Katy Perry is enjoying her new “bubble” far away from the city of lights. The “Firework” singer revealed that she moved to Kentucky earlier this year and it’s been “quite an amazing experience.”
“I’m living, like, in Kentucky and I have for almost a month now and that’s quite an amazing experience,” Perry, 37, told Chelsea Handler in a new episode of her podcast “Dear Chelsea.” “Because it reminds you that Hollywood is not America.”
Perry noted that leaving Los Angeles helped her “understand people better,” with Handler adding that it’s “nice to go outside of what you know to be normal and your reality.”
Perry — who shares almost-2-year-old daughter Daisy with fiancé Orland Bloom — explained that they live in a “bubble” that is “completely opposite” of Hollywood.
“You’ve been in different bubbles, because you grew up in a bubble,” Handler said to the “American Idol” judge. “You grew up super religious and that’s one bubble. Then you came into this industry, that’s another bubble. Right?”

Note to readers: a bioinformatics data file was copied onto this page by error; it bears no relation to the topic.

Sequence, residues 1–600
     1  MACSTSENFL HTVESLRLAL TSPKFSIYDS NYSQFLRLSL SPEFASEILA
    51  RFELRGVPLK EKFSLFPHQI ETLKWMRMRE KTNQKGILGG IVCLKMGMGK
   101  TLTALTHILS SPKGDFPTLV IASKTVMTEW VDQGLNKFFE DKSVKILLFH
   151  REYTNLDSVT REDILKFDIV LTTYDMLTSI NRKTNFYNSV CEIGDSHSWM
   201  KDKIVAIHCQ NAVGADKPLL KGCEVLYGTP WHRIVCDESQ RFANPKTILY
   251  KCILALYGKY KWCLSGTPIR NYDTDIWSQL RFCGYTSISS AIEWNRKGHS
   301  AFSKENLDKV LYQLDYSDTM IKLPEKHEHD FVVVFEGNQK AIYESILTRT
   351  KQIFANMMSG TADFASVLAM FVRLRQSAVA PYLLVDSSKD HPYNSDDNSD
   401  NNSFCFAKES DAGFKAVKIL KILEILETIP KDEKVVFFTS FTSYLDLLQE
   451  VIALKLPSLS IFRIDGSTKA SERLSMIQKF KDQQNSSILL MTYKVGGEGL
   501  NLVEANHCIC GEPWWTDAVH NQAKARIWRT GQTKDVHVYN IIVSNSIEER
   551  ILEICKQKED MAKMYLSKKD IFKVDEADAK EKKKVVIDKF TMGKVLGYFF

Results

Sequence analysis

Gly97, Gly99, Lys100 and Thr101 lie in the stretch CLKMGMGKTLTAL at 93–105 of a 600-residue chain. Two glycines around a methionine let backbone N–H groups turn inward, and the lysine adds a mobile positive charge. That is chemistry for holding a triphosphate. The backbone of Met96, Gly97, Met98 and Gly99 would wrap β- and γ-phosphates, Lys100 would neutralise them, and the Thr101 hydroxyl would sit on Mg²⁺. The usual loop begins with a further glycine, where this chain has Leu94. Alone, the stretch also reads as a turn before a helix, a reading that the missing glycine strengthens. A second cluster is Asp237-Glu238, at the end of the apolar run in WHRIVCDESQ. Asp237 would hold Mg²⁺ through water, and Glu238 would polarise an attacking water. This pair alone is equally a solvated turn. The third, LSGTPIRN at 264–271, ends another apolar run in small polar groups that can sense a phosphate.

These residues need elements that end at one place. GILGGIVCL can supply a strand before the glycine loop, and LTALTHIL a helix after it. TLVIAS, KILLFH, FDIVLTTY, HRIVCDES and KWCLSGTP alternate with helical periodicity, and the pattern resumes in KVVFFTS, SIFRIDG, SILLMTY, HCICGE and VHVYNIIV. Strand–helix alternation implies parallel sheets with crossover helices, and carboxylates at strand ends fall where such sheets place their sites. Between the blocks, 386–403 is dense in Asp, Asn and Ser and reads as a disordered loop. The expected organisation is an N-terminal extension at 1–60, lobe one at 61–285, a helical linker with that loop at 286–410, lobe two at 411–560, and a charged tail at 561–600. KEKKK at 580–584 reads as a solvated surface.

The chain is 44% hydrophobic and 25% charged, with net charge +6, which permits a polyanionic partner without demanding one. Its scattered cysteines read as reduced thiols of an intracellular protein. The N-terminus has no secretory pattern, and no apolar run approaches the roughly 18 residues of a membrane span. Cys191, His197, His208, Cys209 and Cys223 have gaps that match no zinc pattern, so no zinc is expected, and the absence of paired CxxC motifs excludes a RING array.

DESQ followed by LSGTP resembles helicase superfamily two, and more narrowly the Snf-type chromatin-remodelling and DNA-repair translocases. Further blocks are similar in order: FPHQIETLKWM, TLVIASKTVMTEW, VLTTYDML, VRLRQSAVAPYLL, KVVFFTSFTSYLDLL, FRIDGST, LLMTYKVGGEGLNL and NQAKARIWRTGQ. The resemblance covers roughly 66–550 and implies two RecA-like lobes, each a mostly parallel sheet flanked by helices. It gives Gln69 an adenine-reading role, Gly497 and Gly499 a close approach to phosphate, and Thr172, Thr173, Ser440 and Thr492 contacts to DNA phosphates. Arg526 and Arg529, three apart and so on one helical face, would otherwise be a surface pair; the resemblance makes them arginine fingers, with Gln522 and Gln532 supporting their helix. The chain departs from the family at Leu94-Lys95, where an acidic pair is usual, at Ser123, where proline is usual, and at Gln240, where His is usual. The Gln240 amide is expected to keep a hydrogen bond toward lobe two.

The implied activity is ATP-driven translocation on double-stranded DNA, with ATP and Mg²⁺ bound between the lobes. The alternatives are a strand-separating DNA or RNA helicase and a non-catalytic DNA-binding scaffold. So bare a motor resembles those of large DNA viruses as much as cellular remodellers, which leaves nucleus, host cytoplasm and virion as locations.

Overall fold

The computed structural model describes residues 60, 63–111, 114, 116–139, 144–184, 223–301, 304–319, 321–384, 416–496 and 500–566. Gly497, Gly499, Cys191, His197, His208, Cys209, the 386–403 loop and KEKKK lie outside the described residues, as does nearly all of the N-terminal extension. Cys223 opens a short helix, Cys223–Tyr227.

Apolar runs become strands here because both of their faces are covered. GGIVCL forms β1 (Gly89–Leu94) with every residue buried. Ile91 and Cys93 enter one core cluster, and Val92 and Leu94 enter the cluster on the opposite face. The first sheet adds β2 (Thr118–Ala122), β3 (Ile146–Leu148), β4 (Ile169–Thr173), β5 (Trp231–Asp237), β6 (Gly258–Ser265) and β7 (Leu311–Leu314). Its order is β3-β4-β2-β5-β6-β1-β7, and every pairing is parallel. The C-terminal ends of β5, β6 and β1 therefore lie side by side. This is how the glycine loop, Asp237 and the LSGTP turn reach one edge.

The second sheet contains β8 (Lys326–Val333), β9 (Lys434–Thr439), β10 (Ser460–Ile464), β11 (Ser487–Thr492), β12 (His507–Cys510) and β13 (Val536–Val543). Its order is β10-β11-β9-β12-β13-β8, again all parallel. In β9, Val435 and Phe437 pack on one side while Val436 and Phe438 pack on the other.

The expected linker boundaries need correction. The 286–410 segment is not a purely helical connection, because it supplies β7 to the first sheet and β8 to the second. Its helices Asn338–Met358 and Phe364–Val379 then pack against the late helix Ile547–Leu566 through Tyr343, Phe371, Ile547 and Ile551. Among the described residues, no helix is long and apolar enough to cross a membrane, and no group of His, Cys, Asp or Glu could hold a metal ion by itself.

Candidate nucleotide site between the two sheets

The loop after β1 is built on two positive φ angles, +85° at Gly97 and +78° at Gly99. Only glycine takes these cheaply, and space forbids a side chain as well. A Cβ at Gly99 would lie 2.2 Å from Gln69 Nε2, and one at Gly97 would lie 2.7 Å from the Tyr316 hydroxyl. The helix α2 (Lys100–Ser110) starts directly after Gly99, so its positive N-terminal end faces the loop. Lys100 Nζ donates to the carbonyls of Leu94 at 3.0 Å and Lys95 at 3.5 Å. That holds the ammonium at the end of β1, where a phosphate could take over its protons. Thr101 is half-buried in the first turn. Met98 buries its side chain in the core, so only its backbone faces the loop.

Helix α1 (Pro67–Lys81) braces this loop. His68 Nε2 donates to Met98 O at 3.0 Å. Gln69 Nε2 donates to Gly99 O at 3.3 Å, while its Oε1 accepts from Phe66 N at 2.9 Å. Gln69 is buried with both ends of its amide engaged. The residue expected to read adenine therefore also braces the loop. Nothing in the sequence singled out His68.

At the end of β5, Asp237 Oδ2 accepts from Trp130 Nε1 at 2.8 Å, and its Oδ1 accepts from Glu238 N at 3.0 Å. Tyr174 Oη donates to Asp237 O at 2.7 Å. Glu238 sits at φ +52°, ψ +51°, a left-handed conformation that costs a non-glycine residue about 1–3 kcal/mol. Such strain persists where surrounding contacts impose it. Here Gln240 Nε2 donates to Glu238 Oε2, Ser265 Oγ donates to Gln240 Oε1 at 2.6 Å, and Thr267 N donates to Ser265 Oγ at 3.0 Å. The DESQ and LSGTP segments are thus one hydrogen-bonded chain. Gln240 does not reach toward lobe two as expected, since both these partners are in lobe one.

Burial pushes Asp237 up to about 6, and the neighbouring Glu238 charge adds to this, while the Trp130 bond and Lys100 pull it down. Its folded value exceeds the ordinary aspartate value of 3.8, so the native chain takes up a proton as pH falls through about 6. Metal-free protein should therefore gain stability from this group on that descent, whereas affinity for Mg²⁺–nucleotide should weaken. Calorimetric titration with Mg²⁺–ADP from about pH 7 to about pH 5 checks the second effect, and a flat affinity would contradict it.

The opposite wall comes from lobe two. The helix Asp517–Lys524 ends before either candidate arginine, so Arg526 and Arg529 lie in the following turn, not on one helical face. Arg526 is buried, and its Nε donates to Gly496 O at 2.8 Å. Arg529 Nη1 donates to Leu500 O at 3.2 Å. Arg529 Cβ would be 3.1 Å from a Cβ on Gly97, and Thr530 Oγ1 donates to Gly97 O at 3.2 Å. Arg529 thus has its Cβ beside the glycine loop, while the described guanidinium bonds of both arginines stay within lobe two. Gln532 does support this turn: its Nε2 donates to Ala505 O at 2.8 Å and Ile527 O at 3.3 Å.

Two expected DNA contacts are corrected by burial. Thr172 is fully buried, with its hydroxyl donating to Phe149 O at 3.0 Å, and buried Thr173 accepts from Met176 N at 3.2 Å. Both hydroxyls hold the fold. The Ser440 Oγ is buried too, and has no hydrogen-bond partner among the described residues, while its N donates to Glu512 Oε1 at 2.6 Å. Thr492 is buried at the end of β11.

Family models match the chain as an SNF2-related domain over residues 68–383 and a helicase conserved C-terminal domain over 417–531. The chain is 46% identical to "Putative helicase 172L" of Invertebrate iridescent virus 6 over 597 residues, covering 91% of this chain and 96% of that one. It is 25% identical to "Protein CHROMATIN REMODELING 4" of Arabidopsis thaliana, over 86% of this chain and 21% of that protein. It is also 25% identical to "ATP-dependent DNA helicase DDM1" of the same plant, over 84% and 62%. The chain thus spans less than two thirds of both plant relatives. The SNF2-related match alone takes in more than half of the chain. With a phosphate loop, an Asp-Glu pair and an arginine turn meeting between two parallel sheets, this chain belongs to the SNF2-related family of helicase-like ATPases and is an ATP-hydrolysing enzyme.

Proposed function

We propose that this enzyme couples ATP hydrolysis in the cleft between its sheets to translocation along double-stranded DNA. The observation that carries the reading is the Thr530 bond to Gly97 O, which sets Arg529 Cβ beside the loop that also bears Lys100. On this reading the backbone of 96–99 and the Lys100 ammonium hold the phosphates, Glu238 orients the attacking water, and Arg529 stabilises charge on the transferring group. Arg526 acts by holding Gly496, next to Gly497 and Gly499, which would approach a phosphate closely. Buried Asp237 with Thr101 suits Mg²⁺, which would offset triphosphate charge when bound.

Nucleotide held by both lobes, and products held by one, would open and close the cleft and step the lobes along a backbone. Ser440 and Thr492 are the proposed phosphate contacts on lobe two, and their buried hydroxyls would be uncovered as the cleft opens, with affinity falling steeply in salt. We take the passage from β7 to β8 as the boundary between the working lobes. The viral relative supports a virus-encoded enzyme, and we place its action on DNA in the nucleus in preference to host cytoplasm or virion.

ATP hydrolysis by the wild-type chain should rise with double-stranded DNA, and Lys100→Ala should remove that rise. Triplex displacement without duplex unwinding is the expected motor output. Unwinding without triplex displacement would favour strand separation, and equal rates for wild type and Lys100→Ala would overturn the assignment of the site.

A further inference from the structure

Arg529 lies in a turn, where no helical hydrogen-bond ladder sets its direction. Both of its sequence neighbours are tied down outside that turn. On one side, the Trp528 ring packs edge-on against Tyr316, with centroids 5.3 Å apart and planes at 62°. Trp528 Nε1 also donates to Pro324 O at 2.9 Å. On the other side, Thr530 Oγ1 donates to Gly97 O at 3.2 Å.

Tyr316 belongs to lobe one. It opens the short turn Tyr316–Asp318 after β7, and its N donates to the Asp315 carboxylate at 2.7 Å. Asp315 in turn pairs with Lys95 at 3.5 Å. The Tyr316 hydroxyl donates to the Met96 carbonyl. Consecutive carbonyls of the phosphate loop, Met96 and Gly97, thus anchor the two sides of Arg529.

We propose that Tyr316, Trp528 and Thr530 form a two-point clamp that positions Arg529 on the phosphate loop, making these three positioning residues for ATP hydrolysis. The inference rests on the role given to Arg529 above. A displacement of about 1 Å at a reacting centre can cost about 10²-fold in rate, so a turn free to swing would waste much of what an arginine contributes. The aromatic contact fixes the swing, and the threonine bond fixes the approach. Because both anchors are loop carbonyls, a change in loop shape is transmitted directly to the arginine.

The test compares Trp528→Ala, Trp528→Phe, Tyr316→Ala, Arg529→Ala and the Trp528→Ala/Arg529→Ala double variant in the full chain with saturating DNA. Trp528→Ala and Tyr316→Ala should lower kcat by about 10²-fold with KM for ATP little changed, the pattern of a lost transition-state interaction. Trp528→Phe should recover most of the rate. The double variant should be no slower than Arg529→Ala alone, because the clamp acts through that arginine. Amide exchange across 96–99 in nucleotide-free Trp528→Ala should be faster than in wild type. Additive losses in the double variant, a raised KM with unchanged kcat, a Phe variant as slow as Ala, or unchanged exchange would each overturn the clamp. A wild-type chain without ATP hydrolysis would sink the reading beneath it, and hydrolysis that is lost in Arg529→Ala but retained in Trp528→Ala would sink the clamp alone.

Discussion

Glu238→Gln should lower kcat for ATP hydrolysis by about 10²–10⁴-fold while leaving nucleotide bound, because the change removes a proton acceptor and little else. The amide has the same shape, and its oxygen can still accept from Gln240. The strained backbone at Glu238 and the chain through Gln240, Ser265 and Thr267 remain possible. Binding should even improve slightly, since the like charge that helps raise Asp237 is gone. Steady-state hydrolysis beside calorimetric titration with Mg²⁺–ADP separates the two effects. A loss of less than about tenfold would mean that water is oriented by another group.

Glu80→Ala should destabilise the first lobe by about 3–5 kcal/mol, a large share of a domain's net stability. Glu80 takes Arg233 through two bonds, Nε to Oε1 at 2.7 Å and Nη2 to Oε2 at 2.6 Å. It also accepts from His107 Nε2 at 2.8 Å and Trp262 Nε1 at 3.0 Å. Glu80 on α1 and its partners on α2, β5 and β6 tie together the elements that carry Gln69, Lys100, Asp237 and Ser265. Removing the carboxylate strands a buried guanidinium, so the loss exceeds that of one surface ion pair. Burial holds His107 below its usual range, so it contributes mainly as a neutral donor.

Perry replied, “Right, it’s an anthropology study of humans.”
Elsewhere in the candid conversation, which also included producer Catherine Law, Perry touched on how motherhood was the “best decision I ever made in my entire life.”
She shared that she wasn’t “very maternal” growing up but would always be the “mom” in her friend group. Perry said that seeing Bloom with his son, Flynn, whom he shares with ex-wife Miranda Kerr, “influenced” her desire to become a mother.
“Something inside of me said, ‘You, mid-30s, this man is nice. Must breed,’” she joked, later adding, “My daughter has reshaped my life, my perspective, and given me a love I’ve never had before.”
The pop star also shared some insight into her relationship with the British actor. The two began dating in 2016, before splitting in 2017. A year later, they rekindled their romance and got engaged in February 2019.
“Your partner usually sees your best and a lot of your worst sides because they’re there to be your mirrors,” she said giving a listener relationship advice, adding that she and Bloom go to couples therapy. “And we love it because it just keeps us in tune and the resentment can get really strong when you’re both working hard and, god bless, successful people in the spotlight.”
She added that when they want to be “normal” people in a domestic setting with their child and that therapy has helped them.